Persistent Pain Linked With Greater Memory Decline & Dementia Probability

Executive function
Executive function
Older adults with persistent pain showed more rapid memory decline and greater dementia probability compared with adults without persistent pain.

In a population-based cohort study described in JAMA Internal Medicine, older adults with persistent pain showed more rapid memory decline and greater dementia probability compared with adults without persistent pain.1 

The prevalence of chronic pain in older adults is 25% to 33%, and recovery is less likely in this group compared with younger individuals.2,3 Recent findings demonstrated a link between pain and outcomes that commonly affect the elderly, including functional impairment, cognitive decline, and dementia.4-6 Older adults with chronic pain have been found to have poorer memory and executive function than their younger counterparts, both of which are closely associated with functional independence.6

In the current study, data from 10,065 participants (median baseline age, 73; 60% women; 1120 [10.9%] with persistent pain) in the Health and Retirement Study was analyzed to assess the longitudinal effects of persistent pain on memory and the probability of developing dementia. In addition, the impact of pain-related memory decline on daily functional tasks (ie, medication and financial management) was examined.

Participants initially reported outcomes in 1998 and 2000 and were followed until 2012 or until death or dropout from the study. Composite memory score and dementia probability were “estimated by combining neuropsychological test results and informant and proxy interviews.” Patients with moderate to severe persistent pain were compared with age-adjusted peers without persistent pain.

Study participants with persistent pain at baseline had worse depressive symptoms and more functional limitations pertaining to daily tasks vs participants without persistent pain. After adjustment for covariates such as marital status, alcohol use, and financial assets, more rapid memory decline was observed in patients with persistent pain (mean, 9.2%; 95% CI, 2.8%-15.0%; P <.001). 

These patients also had an increased relative risk of inability to manage medications (11.8%) or finances (15.9%) after 10 years, compared with patients without persistent pain. In addition, the increase in adjusted dementia probability was 7.7% (95% CI, 0.55%-14.2%) higher in the pain group.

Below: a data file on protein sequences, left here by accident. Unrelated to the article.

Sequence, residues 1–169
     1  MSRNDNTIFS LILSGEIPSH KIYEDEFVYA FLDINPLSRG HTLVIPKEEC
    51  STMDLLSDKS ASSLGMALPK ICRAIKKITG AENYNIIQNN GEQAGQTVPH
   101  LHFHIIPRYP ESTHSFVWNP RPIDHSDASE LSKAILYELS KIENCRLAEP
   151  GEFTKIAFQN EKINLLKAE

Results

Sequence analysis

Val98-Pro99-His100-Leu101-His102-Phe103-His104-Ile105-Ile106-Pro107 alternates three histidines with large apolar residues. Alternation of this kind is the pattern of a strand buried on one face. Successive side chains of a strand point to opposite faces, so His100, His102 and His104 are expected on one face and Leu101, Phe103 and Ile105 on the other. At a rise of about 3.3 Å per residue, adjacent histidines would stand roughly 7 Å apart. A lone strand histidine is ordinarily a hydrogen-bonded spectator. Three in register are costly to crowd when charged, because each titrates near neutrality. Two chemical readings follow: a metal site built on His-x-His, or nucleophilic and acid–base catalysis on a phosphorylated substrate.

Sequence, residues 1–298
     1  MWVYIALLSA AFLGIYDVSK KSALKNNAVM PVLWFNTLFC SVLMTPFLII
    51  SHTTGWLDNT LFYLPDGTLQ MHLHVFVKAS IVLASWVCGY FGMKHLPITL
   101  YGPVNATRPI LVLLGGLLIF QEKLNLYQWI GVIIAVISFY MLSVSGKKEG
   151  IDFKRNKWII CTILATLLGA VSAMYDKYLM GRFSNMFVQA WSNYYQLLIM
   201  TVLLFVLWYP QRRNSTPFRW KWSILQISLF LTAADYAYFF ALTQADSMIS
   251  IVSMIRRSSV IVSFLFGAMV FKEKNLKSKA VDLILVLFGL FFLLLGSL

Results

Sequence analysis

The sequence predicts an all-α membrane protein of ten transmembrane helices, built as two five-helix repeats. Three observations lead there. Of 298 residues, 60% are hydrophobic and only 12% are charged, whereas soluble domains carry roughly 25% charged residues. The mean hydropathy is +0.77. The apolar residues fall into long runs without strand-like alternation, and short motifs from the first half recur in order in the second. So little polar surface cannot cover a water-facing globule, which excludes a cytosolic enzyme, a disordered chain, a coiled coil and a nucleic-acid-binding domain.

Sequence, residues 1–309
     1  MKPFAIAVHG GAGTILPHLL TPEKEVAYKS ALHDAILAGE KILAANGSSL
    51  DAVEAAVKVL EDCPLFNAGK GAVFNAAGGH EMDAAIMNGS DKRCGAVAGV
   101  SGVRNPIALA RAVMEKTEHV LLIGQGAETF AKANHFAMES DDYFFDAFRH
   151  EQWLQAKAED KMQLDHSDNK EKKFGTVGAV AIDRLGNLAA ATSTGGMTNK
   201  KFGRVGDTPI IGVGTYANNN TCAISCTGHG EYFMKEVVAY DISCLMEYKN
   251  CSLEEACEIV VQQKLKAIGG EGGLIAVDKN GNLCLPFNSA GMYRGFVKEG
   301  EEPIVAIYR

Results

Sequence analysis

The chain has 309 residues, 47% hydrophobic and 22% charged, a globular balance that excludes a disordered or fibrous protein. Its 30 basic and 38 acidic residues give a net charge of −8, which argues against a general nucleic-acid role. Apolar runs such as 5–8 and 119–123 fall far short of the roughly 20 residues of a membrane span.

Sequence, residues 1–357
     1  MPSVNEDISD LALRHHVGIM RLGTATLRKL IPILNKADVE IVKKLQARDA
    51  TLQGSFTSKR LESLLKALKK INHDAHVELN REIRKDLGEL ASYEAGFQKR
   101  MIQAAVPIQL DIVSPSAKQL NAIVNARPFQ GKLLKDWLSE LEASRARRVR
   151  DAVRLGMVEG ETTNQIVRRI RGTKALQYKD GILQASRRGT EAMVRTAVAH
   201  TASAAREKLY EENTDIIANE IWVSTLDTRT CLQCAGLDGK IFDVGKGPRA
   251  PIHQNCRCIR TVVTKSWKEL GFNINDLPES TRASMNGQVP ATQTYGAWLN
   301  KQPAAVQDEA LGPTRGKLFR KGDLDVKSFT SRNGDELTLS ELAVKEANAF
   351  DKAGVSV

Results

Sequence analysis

These findings suggest that, along with the direct treatment implications of asking patients about pain, such discussions could provide clinicians the opportunity “introduce mitigation strategies—such as assistive devices or other physical or occupational therapy interventions to address pain-related functional limitations, or self-efficacy and mindfulness strategies to reduce the affective impact of chronic pain,” the researchers concluded.

Summary and Clinical Applicability

Moderate to severe persistent pain in older adults is linked with accelerated memory decline and increased dementia probability. 


Because more patients with chronic pain had higher rates of death and dropout in the study, these patients had fewer evaluations than the comparison group. Also, the Health and Retirement Study provided scant information about the origin, nature, or treatment of the pain, which precluded the stratification of participants based on common criteria. 

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  1. Whitlock EL, Diaz-Ramirez LG, Glymour MM, Boscardin WJ, Covinsky KE, Smith AK. Association between persistent pain and memory decline and dementia in a longitudinal cohort of elders [published online June 5, 2017]. JAMA Intern Med. doi:10.1001/jamainternmed.2017.1622
  2. Mäntyselkä PT, Turunen JH, Ahonen RS, Kumpusalo EA. Chronic pain and poor self-rated health. JAMA. 2003;290(18):2435-2442. doi:10.1001/jama.290.18.2435
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